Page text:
If you happen to get too warm, it is an easy procedure to remove one layer to maintain a comfortable level. Obviously, if you start to get colder, it is then just a case of adding an additional layer to maintain that all-important core body temperature.
There are many excellent manufacturers of outdoor clothing who provide a vast choice of items devised to maintain good levels of body protection for the harshest environments.
It goes without saying that the exterior shell of any layered outer material needs to be both breathable and of course waterproof. Inner layers will usually consist of a high-quality fleece that helps to retain body heat, with my own recent purchases also being totally waterproof for those warmer conditions in spring when a full-on winter coat is unnecessary.
We don’t need to equip ourselves for an assault on the southwest face of Everest, just remind ourselves that conditions in winter tend to deteriorate rapidly and that we don’t want to get caught out by being unprepared.
Many of my shooting friends spend large amounts of cash on high-quality footwear that can be used all year round. Being a skinflint, I tend to wear footwear that costs slightly less and hasn’t been designed to take on the Pyrenees.
I also use neoprene-lined wellies in winter, particularly if I anticipate lots of mud. I will also wear a pair of high-quality insulating socks that go a long way to keep those tootsies warm as well.
Suitable headwear that will help to retain body heat also needs to be considered carefully. I don’t usually like wearing hats, but acknowledge that a good peaked cap can help to shade strong sunlight when shooting on those rare sunny days.
Either a woolly hat or a fleece-lined cap, with or without ear flaps, can help to keep you warm when the temperature drops. They are also easy enough to remove if you start to overheat.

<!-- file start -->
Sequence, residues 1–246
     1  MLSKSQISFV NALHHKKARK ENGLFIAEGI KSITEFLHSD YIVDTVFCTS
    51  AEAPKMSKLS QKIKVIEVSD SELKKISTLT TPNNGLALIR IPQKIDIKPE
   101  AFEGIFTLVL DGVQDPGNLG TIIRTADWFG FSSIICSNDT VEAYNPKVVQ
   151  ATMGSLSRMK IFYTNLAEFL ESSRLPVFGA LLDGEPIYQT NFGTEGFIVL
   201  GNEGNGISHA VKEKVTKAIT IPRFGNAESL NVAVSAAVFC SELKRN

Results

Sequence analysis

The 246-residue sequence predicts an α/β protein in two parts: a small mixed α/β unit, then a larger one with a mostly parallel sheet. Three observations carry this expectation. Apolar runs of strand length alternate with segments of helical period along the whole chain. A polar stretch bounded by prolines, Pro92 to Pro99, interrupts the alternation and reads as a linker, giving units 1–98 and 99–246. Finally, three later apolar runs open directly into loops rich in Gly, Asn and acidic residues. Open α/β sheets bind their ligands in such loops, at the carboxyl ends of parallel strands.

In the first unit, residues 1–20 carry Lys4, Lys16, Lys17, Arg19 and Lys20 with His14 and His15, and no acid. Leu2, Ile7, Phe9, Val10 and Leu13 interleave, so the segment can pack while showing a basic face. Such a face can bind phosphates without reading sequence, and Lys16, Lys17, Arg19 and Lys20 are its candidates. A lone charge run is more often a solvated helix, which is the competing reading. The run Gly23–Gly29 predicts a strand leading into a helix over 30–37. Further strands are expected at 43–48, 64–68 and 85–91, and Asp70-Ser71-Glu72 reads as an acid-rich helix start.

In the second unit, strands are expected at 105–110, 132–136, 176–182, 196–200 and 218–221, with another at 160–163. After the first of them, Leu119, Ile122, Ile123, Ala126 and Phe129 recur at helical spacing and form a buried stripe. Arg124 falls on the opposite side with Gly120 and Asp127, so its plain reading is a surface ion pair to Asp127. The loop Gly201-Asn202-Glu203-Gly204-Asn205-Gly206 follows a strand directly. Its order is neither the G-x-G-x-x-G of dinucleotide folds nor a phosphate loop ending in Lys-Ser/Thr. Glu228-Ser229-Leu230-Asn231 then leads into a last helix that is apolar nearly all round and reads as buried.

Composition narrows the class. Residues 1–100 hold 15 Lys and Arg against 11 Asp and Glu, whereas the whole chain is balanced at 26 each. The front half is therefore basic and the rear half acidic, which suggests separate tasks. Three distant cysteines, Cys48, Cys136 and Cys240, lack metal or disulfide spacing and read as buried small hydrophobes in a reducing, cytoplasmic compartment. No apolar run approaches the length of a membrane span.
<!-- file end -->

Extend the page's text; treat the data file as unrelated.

Presuming that you manage to complete a course of fire in which the Thunder God has done his best to lash you with both wind and rain, we then need to consider how well our pride and joy has managed to stand up to the elements.
In one recent round of the North West Gauntlet HFT series, we were faced with one of those horrible days of continuing drizzle that always manages to soak everything and everybody.
Following the trip home, I removed my Steyr target rifle form its damp gun bag and took a close look for any residual water that had been deposited in or around the gun’s action.
Bearing in mind that this particular gun was initially designed to be shot indoors at ten metres, the slots allowing for the gun to be cocked, situated on both sides of the action’s chassis assembly, can and do allow for the ingress of water in severe conditions.
Many Steyr owners will completely strip down their guns for a thorough drying in extremis. However, unless the gun has been dropped in a puddle or been exposed to heavy driving rain, I find that any water present will swiftly evaporate if left in some nice warm air.
As I don’t own a hair dryer to assist with driving off any remaining water droplets, all I can do is use a kitchen towel to get at as much water as I can off the action and allow the warm air to do the rest – though if you’re involved in wet weather shooting, it might well be worth investing in one if you haven’t already.
A quick pull through of the barrel to ensure nothing is lurking there followed by rubbing down the gun with a silicone-impregnated cloth when fully dry has worked for me for many years now.
So there we have it! Don’t be put off by the prospect of inclement weather at one of your clubs’ mid-winter HFT or FT shoots. Just make sure that you dress correctly and that your equipment is properly dried off when you return.
The darker months are a challenging period to shoot outdoors in, but they shouldn’t be any less enjoyable if you remain properly equipped. Tally ho